From the evidences presented by 101 post-mortem reports by CB insights, we can conclude that turning a blind eye to the customer’s demand is the number one indicator for failure.

Understanding Demand: The Solution to Success

Everyone’s looking for the next big idea and pretty much every manager says to their team “let’s get innovative.” What is innovation? The authors of “How Companies Win” define successful innovation as “identifying unsatisfied demand and then fulfilling it.” Innovation then is not just a creative process – it’s strategic. It satisfies an existing or emerging customer demand.

Have you ever wondered, how did Apple know it’s consumers wanted a device that was a combination of mobile phone and personal computer? How did McDonald’s know that it was time to introduce salads and to keep their stores open 24 hours per day? The simple answer is that both these companies understood, in a deep way, the facts, and contents of what their customers and consumers demanded. Their business was solely based on what customers wanted, rather than what the suppliers already had.

So, the solution to continued success is going to be determined by how you look at your demand chain. It is about identifying new ideas and new emerging trends and satisfying them. This relatively new approach will help your company effectively fight the forces of globalization and increase your business success.

Have you ever wondered, how did Apple know it’s consumers wanted a device that was a combination of mobile phone and personal computer?

How to achieve “demand – driven” change in your business


  • Cultivate the Demand way of Thinking

Most companies create supply and then use marketing and sales to go in search for demand to absorb the supply they already created; however, the demand way of thinking is a reversal of that process. First, you identify the demand and then align your current supply or the supply you are going to create to satisfy the demand you know better exists than your competitors. It’s no longer just about perfecting the end of the supply chain, but instead perfecting the beginning of the demand chain. This shift in thinking encourages all functions of your company to respond to market demand and emerging trends rather than mere internal performance indicators.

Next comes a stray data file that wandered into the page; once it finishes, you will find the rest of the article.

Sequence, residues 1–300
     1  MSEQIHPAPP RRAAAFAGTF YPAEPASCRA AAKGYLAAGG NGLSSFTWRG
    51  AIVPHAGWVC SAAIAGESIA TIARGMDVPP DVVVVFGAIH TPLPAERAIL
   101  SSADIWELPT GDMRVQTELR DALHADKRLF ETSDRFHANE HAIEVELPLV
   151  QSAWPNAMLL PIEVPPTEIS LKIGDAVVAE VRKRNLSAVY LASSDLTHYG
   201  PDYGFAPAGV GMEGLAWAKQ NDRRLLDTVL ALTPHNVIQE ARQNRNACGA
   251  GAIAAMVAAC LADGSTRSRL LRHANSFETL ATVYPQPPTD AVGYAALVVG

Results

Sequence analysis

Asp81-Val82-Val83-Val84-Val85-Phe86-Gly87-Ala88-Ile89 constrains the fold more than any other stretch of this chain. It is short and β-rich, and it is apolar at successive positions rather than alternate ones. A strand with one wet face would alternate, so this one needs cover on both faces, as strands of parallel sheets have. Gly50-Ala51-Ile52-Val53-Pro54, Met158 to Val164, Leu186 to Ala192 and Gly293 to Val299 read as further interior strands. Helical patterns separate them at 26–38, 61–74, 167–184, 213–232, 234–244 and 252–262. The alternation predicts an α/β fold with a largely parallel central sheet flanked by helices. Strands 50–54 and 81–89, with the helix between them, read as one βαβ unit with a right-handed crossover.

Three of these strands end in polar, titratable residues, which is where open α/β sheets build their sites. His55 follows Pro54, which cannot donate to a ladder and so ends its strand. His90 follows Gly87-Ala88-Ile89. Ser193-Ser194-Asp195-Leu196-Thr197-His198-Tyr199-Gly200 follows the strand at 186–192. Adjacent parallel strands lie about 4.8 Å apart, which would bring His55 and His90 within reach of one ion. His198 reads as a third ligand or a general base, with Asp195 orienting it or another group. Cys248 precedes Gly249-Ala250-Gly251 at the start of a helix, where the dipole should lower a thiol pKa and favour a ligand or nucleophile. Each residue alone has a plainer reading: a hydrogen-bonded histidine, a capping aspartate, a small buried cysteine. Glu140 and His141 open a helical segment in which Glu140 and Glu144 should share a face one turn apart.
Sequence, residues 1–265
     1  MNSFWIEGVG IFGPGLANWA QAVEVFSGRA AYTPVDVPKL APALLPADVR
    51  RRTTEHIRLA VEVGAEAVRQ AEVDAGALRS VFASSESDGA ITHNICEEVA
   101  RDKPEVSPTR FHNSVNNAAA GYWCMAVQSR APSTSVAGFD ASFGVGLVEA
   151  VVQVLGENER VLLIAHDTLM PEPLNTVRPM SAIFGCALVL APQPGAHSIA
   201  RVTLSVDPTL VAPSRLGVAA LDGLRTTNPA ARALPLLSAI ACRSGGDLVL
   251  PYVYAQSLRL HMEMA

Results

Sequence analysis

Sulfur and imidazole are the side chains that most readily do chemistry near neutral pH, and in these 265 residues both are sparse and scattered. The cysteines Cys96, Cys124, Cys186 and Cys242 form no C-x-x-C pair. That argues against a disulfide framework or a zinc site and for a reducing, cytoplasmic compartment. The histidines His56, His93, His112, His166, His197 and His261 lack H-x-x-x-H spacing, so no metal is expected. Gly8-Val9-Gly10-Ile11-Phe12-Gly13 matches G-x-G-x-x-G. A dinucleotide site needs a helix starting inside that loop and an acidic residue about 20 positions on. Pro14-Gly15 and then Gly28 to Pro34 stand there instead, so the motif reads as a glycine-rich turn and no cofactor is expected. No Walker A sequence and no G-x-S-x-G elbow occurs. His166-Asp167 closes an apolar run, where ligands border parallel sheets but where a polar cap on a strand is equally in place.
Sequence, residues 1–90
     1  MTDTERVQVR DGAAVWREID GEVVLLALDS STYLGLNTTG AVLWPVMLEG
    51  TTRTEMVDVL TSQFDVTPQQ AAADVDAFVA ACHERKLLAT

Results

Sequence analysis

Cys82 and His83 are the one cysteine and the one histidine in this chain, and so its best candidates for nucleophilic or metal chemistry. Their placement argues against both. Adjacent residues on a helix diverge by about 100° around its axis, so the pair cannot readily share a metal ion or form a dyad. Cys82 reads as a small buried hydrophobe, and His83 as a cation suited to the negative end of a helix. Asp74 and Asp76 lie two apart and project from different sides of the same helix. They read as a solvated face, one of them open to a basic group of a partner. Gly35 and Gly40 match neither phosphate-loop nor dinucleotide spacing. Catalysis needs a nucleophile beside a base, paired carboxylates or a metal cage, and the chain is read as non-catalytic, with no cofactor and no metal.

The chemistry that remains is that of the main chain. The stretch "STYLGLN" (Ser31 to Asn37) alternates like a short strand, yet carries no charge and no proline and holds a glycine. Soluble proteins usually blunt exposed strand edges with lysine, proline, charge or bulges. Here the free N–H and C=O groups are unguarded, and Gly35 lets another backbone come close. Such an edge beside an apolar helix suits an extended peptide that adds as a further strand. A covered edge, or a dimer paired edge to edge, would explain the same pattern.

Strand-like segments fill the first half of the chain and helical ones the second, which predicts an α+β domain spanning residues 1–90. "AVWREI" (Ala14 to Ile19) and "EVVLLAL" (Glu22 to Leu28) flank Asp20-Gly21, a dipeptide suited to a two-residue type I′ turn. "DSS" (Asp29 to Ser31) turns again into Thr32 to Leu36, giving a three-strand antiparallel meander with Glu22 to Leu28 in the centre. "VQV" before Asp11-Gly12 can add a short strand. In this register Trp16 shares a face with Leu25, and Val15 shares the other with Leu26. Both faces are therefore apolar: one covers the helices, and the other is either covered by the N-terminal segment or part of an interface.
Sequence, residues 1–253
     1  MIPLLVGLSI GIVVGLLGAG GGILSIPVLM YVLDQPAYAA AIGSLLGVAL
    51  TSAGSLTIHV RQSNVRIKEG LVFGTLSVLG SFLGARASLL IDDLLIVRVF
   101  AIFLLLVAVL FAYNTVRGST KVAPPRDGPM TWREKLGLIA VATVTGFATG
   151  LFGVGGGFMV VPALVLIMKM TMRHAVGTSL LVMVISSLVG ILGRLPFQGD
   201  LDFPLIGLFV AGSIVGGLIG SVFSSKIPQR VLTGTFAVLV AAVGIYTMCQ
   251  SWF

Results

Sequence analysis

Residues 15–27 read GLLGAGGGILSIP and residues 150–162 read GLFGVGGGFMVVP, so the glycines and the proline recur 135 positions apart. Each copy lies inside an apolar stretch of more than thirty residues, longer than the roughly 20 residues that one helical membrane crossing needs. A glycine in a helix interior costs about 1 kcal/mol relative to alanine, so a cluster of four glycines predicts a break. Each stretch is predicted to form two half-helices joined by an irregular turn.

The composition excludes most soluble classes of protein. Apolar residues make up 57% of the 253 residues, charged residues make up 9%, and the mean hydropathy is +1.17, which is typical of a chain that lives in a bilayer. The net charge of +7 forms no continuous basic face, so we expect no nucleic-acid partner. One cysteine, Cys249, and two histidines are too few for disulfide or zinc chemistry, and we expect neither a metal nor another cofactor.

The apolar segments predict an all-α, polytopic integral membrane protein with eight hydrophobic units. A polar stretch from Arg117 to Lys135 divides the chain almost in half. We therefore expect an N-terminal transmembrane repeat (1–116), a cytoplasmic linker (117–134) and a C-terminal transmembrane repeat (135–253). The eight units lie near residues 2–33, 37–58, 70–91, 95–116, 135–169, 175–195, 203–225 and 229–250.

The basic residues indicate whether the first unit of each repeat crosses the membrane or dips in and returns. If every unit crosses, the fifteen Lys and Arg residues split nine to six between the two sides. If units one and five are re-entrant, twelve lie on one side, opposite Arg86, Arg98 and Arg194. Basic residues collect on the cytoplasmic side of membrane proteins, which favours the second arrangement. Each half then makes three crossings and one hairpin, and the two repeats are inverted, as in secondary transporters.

• Solve the “Pain Point”

If someone’s thirsty and you bring them water, they want to drink it. What you need to do is identify the pain point and satisfy it. Here’s another classic example, according to Steve Jobs the conversation at Apple went like this:

“We all had cellphones. We just hated them, they were so awful to use. The software was terrible. The hardware wasn’t very good. We talked to our friends, and they all hated their cellphones too. This is a great challenge. Let’s make a great phone that we fall in love with.”

The terrible software in cell phones that Job’s friends hated was the “Pain Point” that Treehouse logic referred to in their postmortem report. Jobs, developed a business model that solved the “pain point” of its customers in a scalable way that resulted in huge success. He created what people loved before even before they knew what they wanted. Today, Apple has sold more than 1 billion iPhones.

Practical questions for your Company

To be successful in today’s market, perhaps companies need to answer the question posed by Calhoun and Kash in their book How Companies Win: What do you know about the demand of your most profitable customers that your competitors don’t know?

This question can be best broken down into four more focused questions:

  • Who are my most profitable customers?
  • What is their unsatisfied current, latent, and emerging demand?
  • How do I differentiate my products and services so I better satisfy the demand of those most profitable customers?
  • What is the action plan so I can align the people inside of my company to satisfy the demand for all of our customers outside of my company?

Demand is the new game changer. It is the underlying force behind every business. Identifying and analyzing unsatisfied customer demand and aligning your resources towards that could have world – altering power for each of your businesses. At the heart of this powerful new indicator is an attainable vision for a new kind of success for your company. Go out hunting for the next great need that is to be satisfied.